I’d read Vaughan’s Pride of Baghdad a few years ago and really liked it so I was confident of the writing. Staples’ artwork looked beautiful from what I’d seen online and the first three volumes were 20$ all together on sale so I couldn’t argue with the price. So, here I am on the hype train. Chugga, chugga, choo, choo!
Anyway, the writing and characters are just spot on. They are witty, fun, and fresh. There’s a enough sassy women, legless floating ghostly teens, lie detecting cats, assassins, and cute goat boys to go around. If you’re not OK with some weirdness and nudity then you probably will be turned off by this series though. There’s some weird things… like TV headed robot people having sex and huge naked giants with large genitalia, but trust me it is all in good fun! It’s just so SO good. I’ve dropped extremely heavy hints about wanting the next volumes for Christmas. Now excuse me while tie my hands behind my back and try not buy them before the 25th.
Update: I failed. I bought volume four and five during a black Friday deal. And yes, the series is still awesome in case you were wondering.
Have you ever picked up a book knowing that it is going to be a tough read? You know you are going to feel a lot of things while you read it and they might be uncomfortable feelings. I had a sense that Never Let Me Go by Kazuo Ishiguro would be like this even though I went in blindly when I read it. I was right. I didn’t cry, but at the end I just kind of sat there and stared at the closed book. I took a day or so to think on it before I tried to write this post. My thoughts might make a little more sense now. Maybe.
I’ve read The Remains of the Day and The Buried Giant by Ishiguro and they both feel foggy to me. Not everything is explained. I feel like there is a fog around the plot and characters. The fog begins to clear as you read, but your “vision” is still slightly fringed on the edges by the end. I like that about Ishiguro, but some people do not. I like having open ends and questions. It keeps me thinking about the text even days, weeks, or months later.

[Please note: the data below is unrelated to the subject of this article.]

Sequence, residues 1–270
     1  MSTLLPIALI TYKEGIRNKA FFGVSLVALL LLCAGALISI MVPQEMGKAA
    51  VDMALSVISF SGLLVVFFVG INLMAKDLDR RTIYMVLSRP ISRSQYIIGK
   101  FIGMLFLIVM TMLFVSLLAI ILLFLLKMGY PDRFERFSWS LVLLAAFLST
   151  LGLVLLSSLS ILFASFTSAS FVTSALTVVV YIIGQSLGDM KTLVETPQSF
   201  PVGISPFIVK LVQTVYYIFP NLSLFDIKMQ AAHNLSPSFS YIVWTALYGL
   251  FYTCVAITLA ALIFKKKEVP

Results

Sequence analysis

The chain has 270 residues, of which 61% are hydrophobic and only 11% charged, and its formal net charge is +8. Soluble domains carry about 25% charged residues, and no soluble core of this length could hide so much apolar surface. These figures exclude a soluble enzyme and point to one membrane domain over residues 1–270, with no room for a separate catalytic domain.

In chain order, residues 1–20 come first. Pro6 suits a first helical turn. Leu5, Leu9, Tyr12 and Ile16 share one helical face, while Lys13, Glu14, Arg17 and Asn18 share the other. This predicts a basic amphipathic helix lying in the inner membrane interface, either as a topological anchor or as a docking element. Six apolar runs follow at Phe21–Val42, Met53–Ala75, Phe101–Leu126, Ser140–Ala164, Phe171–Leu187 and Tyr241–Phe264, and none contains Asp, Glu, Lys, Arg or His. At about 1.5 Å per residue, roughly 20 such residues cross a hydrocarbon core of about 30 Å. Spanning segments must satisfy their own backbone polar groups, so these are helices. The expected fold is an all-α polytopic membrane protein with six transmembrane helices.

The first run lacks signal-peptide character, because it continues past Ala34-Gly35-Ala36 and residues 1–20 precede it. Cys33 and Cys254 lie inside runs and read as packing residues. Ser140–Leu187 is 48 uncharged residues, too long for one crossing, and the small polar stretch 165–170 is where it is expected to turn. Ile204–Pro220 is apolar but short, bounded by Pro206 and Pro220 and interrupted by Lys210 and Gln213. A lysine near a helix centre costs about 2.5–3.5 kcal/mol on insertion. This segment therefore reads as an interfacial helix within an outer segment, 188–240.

As I said I went in not knowing anything about the plot except for what was on the back of the book. The description of the plot was vague though and in case anyone reading this hasn’t read the book I won’t spoil anything. Not knowing anything about the book is really the best way to go into it. One of the most interesting things while reading the book was guessing exactly what is going on with the students. You get hints here and there, but things aren’t spelled out until the very end. Even then I had some questions about certain things, but I felt like it was summed up pretty well. I felt like the world was built up just enough, but I would have been happy to see more of it too.
In my opinion one of Ishiguro’s strengths is building characters. A character in the novel would do something very small and I would be reminded of people I knew or even myself. The characters felt real, familiar, and very human. Some people might find the characters in Never Let Me Go passive or flat, but I don’t feel that way. Sometimes a character might not say something they feel or cover their feelings with anger or they may misdirect the conversation. This may make them feel like they are unable to be strong or proactive in their lives, but I don’t see it that way. People do that sort of thing all the time in real life. The characters in this novel are dealing with some very serious things and their culture is against them. They can’t make sweeping changes. This isn’t a fairy tale where happy ending always come when things look darkest. It is a story about society, reality, and life. It makes you question things about your world.
This is a heavy book that will spark discussion. I loved it even though I was left emotionally disturbed. It is definitely worth a read if you can stand a rather slow pace and the “fog” I mentioned above.